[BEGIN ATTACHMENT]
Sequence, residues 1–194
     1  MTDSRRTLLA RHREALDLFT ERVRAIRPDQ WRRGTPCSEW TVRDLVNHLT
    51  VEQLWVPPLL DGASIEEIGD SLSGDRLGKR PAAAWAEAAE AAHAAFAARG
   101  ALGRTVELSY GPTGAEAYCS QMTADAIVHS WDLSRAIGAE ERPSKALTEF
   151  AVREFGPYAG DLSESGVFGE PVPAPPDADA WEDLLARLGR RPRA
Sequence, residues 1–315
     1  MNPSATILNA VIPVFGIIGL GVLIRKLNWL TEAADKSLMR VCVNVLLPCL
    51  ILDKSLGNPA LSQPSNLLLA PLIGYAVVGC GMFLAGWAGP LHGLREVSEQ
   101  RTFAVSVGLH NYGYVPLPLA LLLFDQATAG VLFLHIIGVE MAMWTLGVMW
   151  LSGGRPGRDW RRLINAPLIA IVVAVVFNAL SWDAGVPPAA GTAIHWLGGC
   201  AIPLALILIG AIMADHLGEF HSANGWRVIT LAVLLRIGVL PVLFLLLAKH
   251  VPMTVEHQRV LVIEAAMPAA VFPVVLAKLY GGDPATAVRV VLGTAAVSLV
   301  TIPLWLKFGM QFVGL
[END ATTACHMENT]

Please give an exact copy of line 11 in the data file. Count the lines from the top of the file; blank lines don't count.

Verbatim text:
   201  AIPLALILIG AIMADHLGEF HSANGWRVIT LAVLLRIGVL PVLFLLLAKH